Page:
It is such a wonderful experience sharing memories of our loving family members and remembering an event! It’s even wonderful watching others share their joys.
But sometimes family photos bring more complicated emotions than happiness. Not everyone has a happy family or has happy memories of family life; it seems most of us have mixed memories of happiness and unhappiness, fear and bravery, brokenness and healing. Or something even darker.
This photo shows my mother and my father. Don’t they look all grown up in their 1950’s make-up and attire? My mother is seated; my father is standing and cutting the cake. They are seated in Don’s home with his father and step-mother looking on, his half-sisters stand round and his brother with his hand on Marion’s shoulder. Marion and Don are viewing the celebratory high school graduation cake in 1954 together in his family’s home.
After graduation, there is a year of college for both. The Autumn of 1955 is followed by Spring and me. With no father. My mother has no husband, no provider, no in-laws, no child support, and no cake. Well, she does have cake sometimes. Even her father evicted her.
But this photo also brings me peace. I didn’t know that my mother had a relationship with my father that included his family. I have few photos of her, and I love to look at how beautiful she is.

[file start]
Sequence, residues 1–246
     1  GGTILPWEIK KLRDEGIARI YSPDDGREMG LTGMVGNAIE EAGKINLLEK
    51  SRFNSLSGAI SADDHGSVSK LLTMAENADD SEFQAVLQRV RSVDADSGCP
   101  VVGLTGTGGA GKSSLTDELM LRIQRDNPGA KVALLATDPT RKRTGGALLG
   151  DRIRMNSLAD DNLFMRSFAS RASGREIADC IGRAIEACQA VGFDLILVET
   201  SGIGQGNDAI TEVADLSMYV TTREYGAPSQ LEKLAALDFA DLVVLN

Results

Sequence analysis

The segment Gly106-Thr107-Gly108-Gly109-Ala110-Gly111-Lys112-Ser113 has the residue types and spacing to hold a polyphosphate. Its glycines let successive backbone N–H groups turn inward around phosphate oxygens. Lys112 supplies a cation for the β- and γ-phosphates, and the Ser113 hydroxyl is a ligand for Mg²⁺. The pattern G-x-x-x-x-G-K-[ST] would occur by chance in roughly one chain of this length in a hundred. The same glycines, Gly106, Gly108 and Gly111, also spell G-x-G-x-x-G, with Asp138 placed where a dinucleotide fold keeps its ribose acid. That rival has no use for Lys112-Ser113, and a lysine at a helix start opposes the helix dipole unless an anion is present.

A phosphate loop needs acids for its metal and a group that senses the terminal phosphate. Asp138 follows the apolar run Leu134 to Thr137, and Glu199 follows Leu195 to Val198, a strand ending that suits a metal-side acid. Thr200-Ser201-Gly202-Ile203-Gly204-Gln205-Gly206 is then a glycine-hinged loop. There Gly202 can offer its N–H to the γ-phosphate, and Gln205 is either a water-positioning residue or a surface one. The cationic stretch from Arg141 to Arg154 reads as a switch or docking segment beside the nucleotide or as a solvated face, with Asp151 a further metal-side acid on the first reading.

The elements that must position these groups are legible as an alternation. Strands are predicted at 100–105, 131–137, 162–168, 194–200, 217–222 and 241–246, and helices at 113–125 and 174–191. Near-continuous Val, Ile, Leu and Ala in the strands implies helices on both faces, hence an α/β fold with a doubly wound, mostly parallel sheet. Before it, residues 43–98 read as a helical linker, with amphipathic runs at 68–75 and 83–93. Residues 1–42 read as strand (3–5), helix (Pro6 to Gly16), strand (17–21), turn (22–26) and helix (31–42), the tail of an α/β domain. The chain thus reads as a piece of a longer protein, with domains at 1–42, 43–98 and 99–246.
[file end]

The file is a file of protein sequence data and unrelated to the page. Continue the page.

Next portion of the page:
That little girl standing in her robe looking at the cake with less than enthusiasm grows up to be someone who welcomes me into her life. My father’s half-sister is my half-aunt, but I call her my aunt. We connected carefully on Ancestry when I started my tree, then we graduated to telephone; we met in August 2015 for a weekend.
After returning home, Aunt Linda, despite being busy with life, dug around until she found this photo and shared it with me.
So… this photo of such a complicated relationship and lack of relationship still brings me sadness–but it also brings me more. My aunt gave me a gift of her time and her love, and that brings me happiness.
Even if life doesn’t work the way we want or the way we think it should, there is still a chance that we will find family who care. May someone provide you a family photo, if you need one, someday.
Patti Gillespie, The Gen Lady